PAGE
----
What is security?

A lot of folks in InfoSec would say that Confidentiality, Integrity, and Availability are the three concepts that make up cybersecurity. Well, there is some amount of validity in this argument.. but we’re not just talking about cybersecurity, we’re talking about security in general. To that point, security of any variety, be it financial, physical, and even cybersecurity is built

Lee SultBy: Lee Sult, Feb 23, 2018
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A lot of folks in InfoSec would say that Confidentiality, Integrity, and Availability are the three concepts that make up cybersecurity. Well, there is some amount of validity in this argument.. but we’re not just talking about cybersecurity, we’re talking about security in general.

To that point, security of any variety, be it financial, physical, and even cybersecurity is built around three components: Prevention, Detection, and Response. The purpose of these components is to protect against loss.

Each industry defines loss differently and develops its own best practices, regulation, and technology that facilitate security strategies. Security strategies are either protection or response based; and detection mechanisms enable both protection and response based strategies.

A protection based strategy amasses resources in an effort to ensure loss never occurs. Response based strategies amass resources to ensure that the loss can be mitigated when it does occur. Some protection based strategies may be impractical or ineffective when used alone, while some response based strategies can be costly to activate frequently. For this reason, hybrid strategies are frequently used.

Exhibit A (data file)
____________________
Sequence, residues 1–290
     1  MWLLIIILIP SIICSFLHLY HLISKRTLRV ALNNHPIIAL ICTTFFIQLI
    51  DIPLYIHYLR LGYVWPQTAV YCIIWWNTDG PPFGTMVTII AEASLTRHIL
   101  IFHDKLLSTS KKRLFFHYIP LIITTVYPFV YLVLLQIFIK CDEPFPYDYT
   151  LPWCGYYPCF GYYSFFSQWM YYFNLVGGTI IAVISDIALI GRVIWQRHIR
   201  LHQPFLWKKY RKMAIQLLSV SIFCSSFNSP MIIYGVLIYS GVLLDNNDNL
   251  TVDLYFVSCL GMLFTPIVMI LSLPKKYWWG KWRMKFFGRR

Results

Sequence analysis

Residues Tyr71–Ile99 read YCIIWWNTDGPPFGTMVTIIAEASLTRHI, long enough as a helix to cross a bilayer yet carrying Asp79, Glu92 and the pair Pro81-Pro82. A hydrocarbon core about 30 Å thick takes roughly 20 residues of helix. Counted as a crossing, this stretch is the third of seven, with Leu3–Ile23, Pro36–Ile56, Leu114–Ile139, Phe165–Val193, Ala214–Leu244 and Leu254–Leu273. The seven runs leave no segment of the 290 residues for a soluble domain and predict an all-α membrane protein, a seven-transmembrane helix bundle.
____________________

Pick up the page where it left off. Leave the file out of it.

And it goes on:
In my opinion, the best hybrid strategies involve deploying a response based capability focused on mitigating major risks and also deploy a supplemental protection based capability with the simple intent of reducing the likelihood of needing a response. In this case, the protection capability isn’t intended to prevent all loss, only the types of loss that create an expensive response.

To help understand it is important to discuss how each of the three components is used within a security strategy.

 

Protection is the concept of preventing loss altogether. When examining a familiar example such as a bank robbery, the protection mechanisms may include obstructive barriers, visible guards, and laws that act as deterrents. These mechanisms may physically stop the the bad guys in their tracks, increase danger of being arrested, or increase the duration of punishment when they are arrested.

 

In infosec, Protection is the phase where things such as firewalls, intrusion prevention systems, and user awareness come into play. The idea is that protection mechanism breaks the chain of attack before the destruction of equipment or exfiltration of data occurs. A majority of organizations deploy these technologies at the border of their network.

Organizations with robust security strategies deploy protection mechanisms in such a way that they fully thwart simplistic attacks and funnel more advanced attacks into their detection and response mechanisms. An example of this in cybersecurity would be closing unnecessary ports on a firewall and enabling a “honey pot” on a remote access port, such as SSH. The honey pot would never be used legitimately so all activity on that port would be suspicious, at the least. Further filters can be added to separate the simplistic attacks from those that are more advanced. This type of highly technical strategy would provide IT and cybersecurity staff the knowledge about the skill level of would-be adversaries, their techniques, and the source network address of their attacks.

 

Detection is the capability to identify loss or the potential for loss; ideally this happens before loss occurs or very quickly thereafter. Once a possible loss event Is detected, the loss event should be automatically prevented or an alert of some sort is sent to personnel capable of responding.